For thousands of years, human activity left the peat bogs of the Flow Country largely untouched. But during the twentieth century, improvements in technology meant that land previously seen as barren and useless could be drained for agriculture and forestry. Government tax incentives in the 1970s and 1980s led to a big increase in forest planting, and large areas of bog that had been treeless for thousands of years were drained, gouged with furrows deep into the peat, and planted with fast-growing conifers. The Flow Country became notorious as a battleground between developers who wanted to extend the forestry plantations and conservationists who were concerned at the destruction of such a rare, undisturbed habitat.
In the end, the tax breaks that were driving the forest expansion were stopped, and it’s now clear that forests planted on deep peat will never produce a worthwhile crop of timber. There is also now a much greater understanding of the importance of the Flow Country and much of the highest quality peatland is protected as part of a Special Protection Area and Special Area for Conservation. This type of deep-peat afforestation would never be permitted nowadays, not just because quality bogs are now protected by law, but also because it would be seen as poor forestry practice.
Many organisations have now come together under the umbrella of the Peatlands Partnership to implement The management strategy for the peatlands of Caithness and Sutherland. Its vision is for a landscape underpinned by a healthy environment, at the heart of which is the great expanse of wild peatland. Forestry and agriculture are part of a mosaic of productive land use in the straths, the fertile valleys in between the broad sweeps of hill and bog, and on the coast.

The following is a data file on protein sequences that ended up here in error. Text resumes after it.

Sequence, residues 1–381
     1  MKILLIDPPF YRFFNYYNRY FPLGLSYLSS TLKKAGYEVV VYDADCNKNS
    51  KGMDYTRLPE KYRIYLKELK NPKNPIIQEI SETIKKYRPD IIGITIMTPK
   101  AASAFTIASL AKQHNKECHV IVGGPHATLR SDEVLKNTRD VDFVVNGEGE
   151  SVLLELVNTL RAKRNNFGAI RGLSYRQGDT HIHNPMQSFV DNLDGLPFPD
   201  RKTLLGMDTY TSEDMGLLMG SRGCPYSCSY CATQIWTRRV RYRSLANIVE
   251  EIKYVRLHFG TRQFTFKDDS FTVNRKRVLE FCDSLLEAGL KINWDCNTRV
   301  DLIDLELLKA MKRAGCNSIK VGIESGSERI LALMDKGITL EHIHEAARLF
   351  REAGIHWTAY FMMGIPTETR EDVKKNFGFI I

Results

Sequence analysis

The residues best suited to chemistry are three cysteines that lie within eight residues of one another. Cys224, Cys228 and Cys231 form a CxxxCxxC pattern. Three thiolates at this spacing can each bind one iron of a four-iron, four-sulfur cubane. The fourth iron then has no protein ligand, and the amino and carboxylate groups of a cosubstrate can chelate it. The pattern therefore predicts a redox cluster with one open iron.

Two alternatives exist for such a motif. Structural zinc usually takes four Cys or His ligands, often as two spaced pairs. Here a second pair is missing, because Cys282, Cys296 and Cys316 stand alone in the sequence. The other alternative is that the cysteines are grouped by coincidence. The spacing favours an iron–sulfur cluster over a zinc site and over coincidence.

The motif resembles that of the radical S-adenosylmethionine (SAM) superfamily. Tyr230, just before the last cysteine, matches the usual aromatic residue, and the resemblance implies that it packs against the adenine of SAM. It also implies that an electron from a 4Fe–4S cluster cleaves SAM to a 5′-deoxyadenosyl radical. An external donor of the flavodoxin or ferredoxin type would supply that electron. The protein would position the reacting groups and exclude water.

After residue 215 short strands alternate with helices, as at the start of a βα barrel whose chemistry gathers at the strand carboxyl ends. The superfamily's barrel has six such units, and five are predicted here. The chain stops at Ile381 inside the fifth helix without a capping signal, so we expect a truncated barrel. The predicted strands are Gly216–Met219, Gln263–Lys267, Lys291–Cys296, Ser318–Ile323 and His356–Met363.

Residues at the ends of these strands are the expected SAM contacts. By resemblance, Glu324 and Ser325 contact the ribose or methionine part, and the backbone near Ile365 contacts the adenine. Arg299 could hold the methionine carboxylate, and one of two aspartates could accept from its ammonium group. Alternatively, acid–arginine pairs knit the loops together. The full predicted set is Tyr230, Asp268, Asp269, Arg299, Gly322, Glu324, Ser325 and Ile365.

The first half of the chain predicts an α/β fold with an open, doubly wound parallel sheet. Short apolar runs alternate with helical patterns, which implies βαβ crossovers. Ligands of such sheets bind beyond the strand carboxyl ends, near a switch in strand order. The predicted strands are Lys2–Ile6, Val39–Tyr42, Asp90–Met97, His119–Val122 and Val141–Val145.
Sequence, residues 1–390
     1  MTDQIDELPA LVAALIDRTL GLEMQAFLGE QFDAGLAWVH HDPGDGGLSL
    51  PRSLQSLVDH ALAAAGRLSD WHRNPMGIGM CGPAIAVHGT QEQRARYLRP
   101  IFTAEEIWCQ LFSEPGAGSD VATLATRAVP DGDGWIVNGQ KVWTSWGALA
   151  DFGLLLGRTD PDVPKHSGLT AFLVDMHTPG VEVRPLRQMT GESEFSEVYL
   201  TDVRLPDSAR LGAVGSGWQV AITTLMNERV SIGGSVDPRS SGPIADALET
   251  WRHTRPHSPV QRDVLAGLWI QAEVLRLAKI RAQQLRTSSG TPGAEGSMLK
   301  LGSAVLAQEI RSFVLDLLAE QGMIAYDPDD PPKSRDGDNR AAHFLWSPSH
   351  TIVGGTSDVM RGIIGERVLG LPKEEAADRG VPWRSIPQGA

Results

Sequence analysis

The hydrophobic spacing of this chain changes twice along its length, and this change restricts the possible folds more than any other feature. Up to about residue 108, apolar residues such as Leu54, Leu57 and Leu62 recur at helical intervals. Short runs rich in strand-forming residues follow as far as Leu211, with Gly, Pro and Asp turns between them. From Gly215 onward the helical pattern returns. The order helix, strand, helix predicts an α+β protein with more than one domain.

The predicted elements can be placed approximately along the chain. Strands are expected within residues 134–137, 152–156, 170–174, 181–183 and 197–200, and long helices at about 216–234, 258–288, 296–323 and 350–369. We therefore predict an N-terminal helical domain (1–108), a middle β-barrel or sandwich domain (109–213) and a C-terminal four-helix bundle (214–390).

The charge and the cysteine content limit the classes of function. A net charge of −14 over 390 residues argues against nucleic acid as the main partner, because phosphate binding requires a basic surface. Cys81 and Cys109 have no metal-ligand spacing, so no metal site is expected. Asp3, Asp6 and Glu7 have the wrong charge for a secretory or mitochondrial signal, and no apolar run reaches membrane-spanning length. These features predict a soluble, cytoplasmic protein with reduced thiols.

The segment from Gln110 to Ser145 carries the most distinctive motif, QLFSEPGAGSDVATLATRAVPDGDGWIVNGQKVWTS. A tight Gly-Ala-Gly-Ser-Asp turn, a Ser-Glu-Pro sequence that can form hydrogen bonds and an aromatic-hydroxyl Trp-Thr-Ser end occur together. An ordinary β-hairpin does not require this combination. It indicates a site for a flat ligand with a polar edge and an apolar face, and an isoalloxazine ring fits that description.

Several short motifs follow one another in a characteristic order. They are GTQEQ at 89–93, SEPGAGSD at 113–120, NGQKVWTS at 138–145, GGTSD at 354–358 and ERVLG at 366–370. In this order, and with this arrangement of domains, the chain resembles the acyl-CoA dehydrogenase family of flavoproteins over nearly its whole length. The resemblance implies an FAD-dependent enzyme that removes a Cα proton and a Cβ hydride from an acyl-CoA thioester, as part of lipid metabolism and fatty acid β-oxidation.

Repairing the damage
Since 1994, research has been going on into techniques that can restore drained and damaged bogs, initially funded through a major LIFE (EU) Project. Since 2001, RSPB Scotland, Scottish Natural Heritage, Forestry and Land Scotland, Plantlife and private land owners have been working together to apply those techniques to large areas. There was a major push on restoration on the RSPB Forsinard Flows reserve between 2014 and 2019 as part of the Flows to the Future Project and this work is continuing beyond the project through Peatland Action funding. So far, over 2,600 hectares of forestry have been restored to blanket bog, and the lessons learned in the Flows are now being applied in many other countries. Listen to an Sottish Natural Heritage Blog on this topic here.
Restoring a bog from forestry takes a lot of work. It begins with felling the non-native conifers. They are removed if they have grown well, and the timber can be sold (although it is often poor quality and can only be used for pulp and biomass). If they have not grown well they are mulched (chopped into small pieces). As much "brash" (all the branches and remaining parts of trees) is removed as possible, as this allows the bog to recover more quickly. It reduces the levels of nutrients going into the bog, leaves a more even surface, and encourages the peatland waders to recolonise. Forestry drains and furrows are then blocked. This is usually done using peat dams, but plastic dams are used for larger drains. For many years the land needs maintenance to remove any new trees growing from seeds left in the soil or blowing in from adjacent plantations, as well as to manage the amount of grazing by deer. Gradually these areas recover, water tables rise, bog plants colonise, and in due course, bog wildlife arrives.